Andrew Keeler - Farmers Weekly

Subscribe and save

Farmers Weekly from £133
Saving £46
In print AND tablet

SUBSCRIBE NOW

sub_ad_img

Andrew Keeler

14 December 2001

Andrew Keeler

Andrew Keeler farms with

his parents at Church Farm,

Aylsham, Norfolk. Sugar

beet, potatoes, winter

wheat and premium malting

barley are grown on the

32ha (80-acre) farm

WE definitely do not want to see another spud for a few weeks. Like most potato stores in the area ours has suffered from tuber breakdown.

We were keeping an eye on the problem and in mid-November noticed that the stack had slumped in two places so we decided to sell the stock. Having decided on this course of action RBR Potatoes sent a bulker the same day and we set about the task.

To keep the sample as clean as possible, the entire store was forked into the grader by hand taking, on average, a day and a half to fill a bulker. As we approached the slumped sections quality fell and eventually we had to admit defeat and just shovel out the rotten spuds. These have been piled in the field and will be composted until after harvest next year. We have left about 10t of good potatoes at the back of the store and also have 16t in boxes that we will bag up in the New Year for our usual outlet.

The rots seem to be caused by the warm temperatures pre and post-harvest combined with wet conditions just before lifting and some blackleg. The sound potatoes at the back of the store were harvested before we were rained off by 25mm (1in) falling over two days.

Before the potato problems started, we finished harvesting the sugar beet and drilled the ground with wheat. Unfortunately, the trouble at the Wissington factory means beet has been diverted to our local factory here in Norfolk and our hauliers have had permits cancelled, putting us about two weeks behind with deliveries.

Spraying has also slipped behind schedule, because I have not been able to get the sprayer into the field. Hopefully, I will be able to get a second herbicide on barley, first weed control on wheat and insecticide on the oats soon.

Finally, I wish all a Happy Yuletide, New Year and better prospects for 2002. &#42

Andrew Keeler has been unable to get the sprayer in the field recently. But there has been plenty to do sorting out potatoes for early despatch.

    Read more on:
  • News

Andrew Keeler

16 November 2001

Andrew Keeler

Andrew Keeler farms with

his parents at Church Farm,

Aylsham, Norfolk. Sugar

beet, potatoes, winter

wheat and premium malting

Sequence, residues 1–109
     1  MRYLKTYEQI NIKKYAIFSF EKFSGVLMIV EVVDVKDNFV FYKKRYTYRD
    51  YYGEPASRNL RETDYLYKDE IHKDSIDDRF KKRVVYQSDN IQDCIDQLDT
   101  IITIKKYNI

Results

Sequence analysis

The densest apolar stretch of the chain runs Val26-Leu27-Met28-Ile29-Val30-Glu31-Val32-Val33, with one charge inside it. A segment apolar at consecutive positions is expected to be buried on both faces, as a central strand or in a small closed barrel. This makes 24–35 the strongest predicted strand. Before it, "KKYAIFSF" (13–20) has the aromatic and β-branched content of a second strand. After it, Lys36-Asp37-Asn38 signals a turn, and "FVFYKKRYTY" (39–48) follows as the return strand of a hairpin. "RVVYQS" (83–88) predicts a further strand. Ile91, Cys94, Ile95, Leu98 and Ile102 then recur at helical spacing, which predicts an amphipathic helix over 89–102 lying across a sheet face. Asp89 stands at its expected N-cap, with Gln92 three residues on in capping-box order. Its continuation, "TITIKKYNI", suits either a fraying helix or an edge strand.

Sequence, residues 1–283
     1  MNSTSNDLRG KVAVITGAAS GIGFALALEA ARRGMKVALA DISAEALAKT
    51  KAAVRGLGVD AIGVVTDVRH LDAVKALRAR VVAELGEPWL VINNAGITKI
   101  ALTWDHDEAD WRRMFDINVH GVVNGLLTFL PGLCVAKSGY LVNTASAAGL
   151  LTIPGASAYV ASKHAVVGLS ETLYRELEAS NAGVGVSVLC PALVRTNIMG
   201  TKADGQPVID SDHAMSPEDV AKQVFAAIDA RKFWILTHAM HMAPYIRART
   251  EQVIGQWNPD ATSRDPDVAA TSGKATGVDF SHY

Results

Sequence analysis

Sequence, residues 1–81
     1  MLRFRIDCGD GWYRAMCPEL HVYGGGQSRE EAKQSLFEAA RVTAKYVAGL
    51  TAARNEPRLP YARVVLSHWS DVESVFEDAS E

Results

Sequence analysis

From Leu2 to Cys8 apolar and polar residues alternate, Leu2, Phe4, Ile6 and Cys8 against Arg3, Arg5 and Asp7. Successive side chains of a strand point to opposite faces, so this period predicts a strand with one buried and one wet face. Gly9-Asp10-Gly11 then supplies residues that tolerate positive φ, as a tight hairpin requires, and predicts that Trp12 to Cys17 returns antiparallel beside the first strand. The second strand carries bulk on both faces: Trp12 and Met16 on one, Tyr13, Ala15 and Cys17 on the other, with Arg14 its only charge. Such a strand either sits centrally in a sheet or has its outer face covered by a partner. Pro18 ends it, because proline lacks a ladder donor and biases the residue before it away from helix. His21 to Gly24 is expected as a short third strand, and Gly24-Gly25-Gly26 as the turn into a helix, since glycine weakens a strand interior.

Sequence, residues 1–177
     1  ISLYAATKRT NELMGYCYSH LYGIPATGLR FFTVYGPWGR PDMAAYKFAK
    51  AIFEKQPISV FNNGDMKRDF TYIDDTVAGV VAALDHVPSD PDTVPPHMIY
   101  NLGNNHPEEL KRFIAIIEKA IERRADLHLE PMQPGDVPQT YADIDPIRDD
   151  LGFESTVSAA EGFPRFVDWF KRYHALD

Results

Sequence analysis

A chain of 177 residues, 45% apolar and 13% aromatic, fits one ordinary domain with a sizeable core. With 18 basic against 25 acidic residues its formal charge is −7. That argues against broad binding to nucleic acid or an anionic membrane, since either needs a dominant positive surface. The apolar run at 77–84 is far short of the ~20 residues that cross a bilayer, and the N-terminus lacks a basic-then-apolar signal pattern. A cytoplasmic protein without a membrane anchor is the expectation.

barley are grown on the

32ha (80-acre) farm

THE last day in October hundreds of Norfolk farmers, including myself, visited Easton agricultural college for a Health and Safety day organised by the HSE and LANTRA.

Seven areas of safety, each dealing with a different subject, were dedicated 15 minutes each. When a horn sounded your group was escorted on to the next area. Now, 15 mins does not sound long but the folks from LANTRA sure packed a lot into the allotted time.

The fact that a shaft rotating at 1000 rpm will pull a body into it at over 3m/second (11ft/second) brought home the need for proper PTO covers. I am sure I was not the only one to have a look round the machinery and make some minor repairs when I returned home.

We finished harvesting potatoes on Oct 17 and started drilling Claire wheat the day after with the power-harrow/drill combo as the ground was ploughing up rather whole. The wheat was going into a good seed-bed at 185kg/ha (1.5cwt/acre) when, with three-quarters of the field set, it rained and we had to wait 10 days to finish off the field.

While we were waiting to finish the drilling we cleared another 100t of sugar beet which has been sent to the factory leaving us with about 100t to harvest. Provided that the sugars keep up we will comfortably fill our A and B quota.

The warm weather we had during October has seen the barley put on quite a bit of growth and I am left wondering if we could have used a lower seed rate. It has been sprayed against aphids and half of the herbicide applied. As we will need two aphid sprays splitting the herbicide will be no extra cost and should have been gentler on the tender plants. Ingot (IPU + flurtamone + diflufenican) has gone on and will be followed with some straight IPU. &#42